When making attack rolls or skill checks, CYBORG COMMANDO players roll two ten-sided dice. However, instead of adding the results together or interpreting one result as 'tens' and the other 'units', the results are multiplied together. This method is called the d10x system. The CCF Manual lists various reasons why CYBORG COMMANDO employs the d10x system:
- “Most people can multiply two single-digit numbers easily, and often with less trouble than adding two-digit numbers.
- “The system produces results that still span the convenient 1-100 range...but with unusual frequencies of results.”
- Regarding combat, “a single d10x roll determines the chance to hit and, in many cases, damage as well.”
- Regarding improvement of skill scores, “minimal gains in low scores produce great leaps in the percentage chances of success, but improvements in high scores produce only small increases.”
Page 9 informs us:
The average result of a normal d10x roll is 30¼. The median result is 24; that is, you are equally likely to roll either 24 or more or 24 or less. Exactly one fourth of all the possible results are odd numbers; three fourths are even numbers.As previously noted, a Combat Turn (CT) represents 8.6 seconds and is divided into ten phases of 0.86 seconds each. The ten phases are split into two cycles: phases 1 - 5 in the first cycle and phases 6 - 10 in the second cycle. A character can perform a number of actions in a cycle equal to the “first digit of the Neural Capacity score (or 1 if NC is 9 or less).” At the beginning of every Combat Turn, players must announce what actions (such as attacks) they intend their characters to commit for both cycles. This establishes when in the Combat Turn any given character will act because each phase is reserved for a particular type of action (most of which are attack options):
Phases 1 & 6: Zap Weapons
Phases 2 & 7: Fast Projectiles
Phases 3 & 8: Slow Projectiles
Phases 4 & 9: Lobbed Objects & Projected Substances
Phases 5 & 10: Physical & Sonic Attacks, plus all Miscellaneous
Miscellaneous actions include any activity other than an attack or movement. Phases are resolved in order. A character always has the option to forgo an announced action. If an action announced for the first cycle is forgone, “you may revise your intentions for the second cycle.”
Movement need not be announced at the beginning of the Combat Turn and does not count against the number of actions permitted to a character. If a character is not otherwise committing an action in a given phase, he (or she) may move two meters (or yards). The maximum number of yards (or meters) a character may move (under his or her own power) during a Combat Turn is ten times the character's Speed value. (Speed equals Neural Capacity divided by ten.) This movement allowance is reduced by terrain modifiers as well as what attacks the character attempts in the Combat Turn. For instance, “Each laser shot has a -1 movement penalty, and each grenade, a -2.” If a character forgoes an attack in a Combat Turn, the movement penalty imposed by that attack no longer applies.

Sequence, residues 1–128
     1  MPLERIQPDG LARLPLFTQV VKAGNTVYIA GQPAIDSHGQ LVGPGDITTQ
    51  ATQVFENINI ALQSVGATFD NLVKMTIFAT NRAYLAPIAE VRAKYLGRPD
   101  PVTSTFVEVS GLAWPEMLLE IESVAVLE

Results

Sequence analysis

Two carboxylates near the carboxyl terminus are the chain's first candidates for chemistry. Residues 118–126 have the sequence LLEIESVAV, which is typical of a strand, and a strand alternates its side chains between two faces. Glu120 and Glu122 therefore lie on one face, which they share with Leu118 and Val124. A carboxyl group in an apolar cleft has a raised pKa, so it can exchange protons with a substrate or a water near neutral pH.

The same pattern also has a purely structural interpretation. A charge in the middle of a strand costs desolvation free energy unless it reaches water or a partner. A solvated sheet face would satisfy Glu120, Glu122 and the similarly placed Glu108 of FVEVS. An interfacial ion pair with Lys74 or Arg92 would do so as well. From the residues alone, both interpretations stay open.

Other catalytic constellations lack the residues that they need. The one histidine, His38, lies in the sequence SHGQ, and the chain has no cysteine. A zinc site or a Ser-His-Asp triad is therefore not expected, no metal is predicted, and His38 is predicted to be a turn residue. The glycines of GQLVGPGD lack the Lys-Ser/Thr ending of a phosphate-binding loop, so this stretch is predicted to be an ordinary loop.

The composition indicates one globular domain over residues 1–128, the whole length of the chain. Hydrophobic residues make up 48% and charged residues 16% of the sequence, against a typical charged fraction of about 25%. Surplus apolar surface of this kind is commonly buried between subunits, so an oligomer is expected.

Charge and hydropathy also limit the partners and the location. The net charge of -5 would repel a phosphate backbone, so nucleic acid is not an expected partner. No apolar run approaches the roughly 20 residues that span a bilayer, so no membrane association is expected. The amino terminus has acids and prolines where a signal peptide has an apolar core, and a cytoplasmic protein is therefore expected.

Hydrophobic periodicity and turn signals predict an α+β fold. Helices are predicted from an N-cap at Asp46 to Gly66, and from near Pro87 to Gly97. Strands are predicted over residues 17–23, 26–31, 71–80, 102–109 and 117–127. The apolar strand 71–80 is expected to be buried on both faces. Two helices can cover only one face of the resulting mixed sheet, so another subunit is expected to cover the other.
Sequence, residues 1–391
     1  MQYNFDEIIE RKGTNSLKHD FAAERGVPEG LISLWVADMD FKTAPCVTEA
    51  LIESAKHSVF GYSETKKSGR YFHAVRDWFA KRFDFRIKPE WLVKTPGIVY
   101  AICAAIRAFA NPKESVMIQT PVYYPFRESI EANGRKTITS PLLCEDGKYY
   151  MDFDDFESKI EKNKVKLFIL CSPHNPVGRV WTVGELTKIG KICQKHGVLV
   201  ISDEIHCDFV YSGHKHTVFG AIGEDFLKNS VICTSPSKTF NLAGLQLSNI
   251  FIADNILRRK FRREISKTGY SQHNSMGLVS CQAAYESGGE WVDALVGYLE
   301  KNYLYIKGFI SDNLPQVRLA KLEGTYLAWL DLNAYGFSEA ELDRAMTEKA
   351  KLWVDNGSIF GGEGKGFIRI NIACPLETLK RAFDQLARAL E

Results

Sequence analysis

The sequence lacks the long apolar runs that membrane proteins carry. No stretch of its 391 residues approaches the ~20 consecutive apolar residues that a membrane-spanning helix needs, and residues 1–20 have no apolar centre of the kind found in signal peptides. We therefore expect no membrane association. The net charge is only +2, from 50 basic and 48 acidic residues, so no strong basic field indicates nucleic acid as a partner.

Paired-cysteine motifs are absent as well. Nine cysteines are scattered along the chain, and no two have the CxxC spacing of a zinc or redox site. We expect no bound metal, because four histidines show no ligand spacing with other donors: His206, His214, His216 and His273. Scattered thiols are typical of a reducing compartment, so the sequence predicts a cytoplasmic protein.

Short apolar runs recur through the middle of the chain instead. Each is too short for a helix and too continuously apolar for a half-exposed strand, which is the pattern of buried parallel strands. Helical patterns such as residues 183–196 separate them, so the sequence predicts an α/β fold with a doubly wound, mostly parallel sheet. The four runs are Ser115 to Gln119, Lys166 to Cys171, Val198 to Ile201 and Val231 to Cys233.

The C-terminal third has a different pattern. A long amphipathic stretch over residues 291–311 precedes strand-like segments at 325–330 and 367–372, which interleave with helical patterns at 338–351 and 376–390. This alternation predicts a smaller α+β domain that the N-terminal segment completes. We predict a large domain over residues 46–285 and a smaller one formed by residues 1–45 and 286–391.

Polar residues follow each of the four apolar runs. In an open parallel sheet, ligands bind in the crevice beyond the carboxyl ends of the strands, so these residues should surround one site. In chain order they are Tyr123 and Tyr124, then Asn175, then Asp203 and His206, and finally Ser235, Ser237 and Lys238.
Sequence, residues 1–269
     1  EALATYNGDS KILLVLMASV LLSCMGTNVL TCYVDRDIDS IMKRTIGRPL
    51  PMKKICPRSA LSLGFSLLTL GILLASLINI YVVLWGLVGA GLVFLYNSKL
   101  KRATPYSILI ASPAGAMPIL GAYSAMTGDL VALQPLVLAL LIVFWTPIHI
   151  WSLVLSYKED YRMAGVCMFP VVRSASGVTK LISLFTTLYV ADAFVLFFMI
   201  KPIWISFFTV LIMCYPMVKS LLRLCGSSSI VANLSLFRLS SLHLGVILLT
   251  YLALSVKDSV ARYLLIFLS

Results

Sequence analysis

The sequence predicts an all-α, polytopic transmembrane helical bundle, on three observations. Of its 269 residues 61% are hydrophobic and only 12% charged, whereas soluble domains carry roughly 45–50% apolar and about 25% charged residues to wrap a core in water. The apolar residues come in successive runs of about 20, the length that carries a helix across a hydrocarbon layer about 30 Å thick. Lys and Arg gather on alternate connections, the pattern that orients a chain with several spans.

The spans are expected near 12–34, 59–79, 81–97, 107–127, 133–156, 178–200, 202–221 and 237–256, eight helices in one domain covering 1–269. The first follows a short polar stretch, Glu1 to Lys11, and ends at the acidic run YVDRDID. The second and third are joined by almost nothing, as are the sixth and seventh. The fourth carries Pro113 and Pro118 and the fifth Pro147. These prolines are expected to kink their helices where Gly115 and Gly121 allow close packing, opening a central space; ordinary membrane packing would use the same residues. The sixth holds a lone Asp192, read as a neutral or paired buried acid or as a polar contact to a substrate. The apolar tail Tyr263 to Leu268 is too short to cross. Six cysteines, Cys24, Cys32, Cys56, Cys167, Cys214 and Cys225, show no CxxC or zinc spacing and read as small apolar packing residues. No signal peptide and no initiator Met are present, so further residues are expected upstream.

Starting characters have a Combat Rating (CR) of 10. If an attack roll is equal to or less than the attacker's Combat Rating, the attack misses, “not hitting anything.” Assuming the attack is not a clean miss, any modifiers are applied to the result. “If that total equals or exceeds the Defense Value (DV) of the target,” the rules state, “you have successfully hit it.” Every 'target' has five Defense Values, “one for each of the five basic attack forms.” These attack forms are represented by the acronym LITES: Laser, Impact, Thermal, Electro-magnetic, and Sonic.
Prediction Aiming Digitizer (PAD) programs allow Cyborg Commandos to improve their attack roll results by expending additional Power Units (PU). “The amount of the...bonus is always equal to the amount of PU expended for it.”
“The amount of physical damage the character's body can sustain” is measured in Integrity Points (IP). The damage inflicted by an attack “is either fixed or standard.” Hand-held weapons inflict fixed damage (1 - 20 IPs depending upon the weapon). Standard damage is equal to the original attack roll (with a possible modifier). Lasers – for example – inflict standard damage.
The advanced combat rules include special effects (SFX). Special Effects come into play if the attack roll was doubles (“that is, the same number on both dice”) and otherwise successful. For Special Effects, 1d10 is rolled and a table is consulted. The specific effect depends upon the target: Normal Human, Cyborg Commando, or Alien. Possible effects include: “Flees in fear,” “Weapon destroyed,” and “Damage doubled.”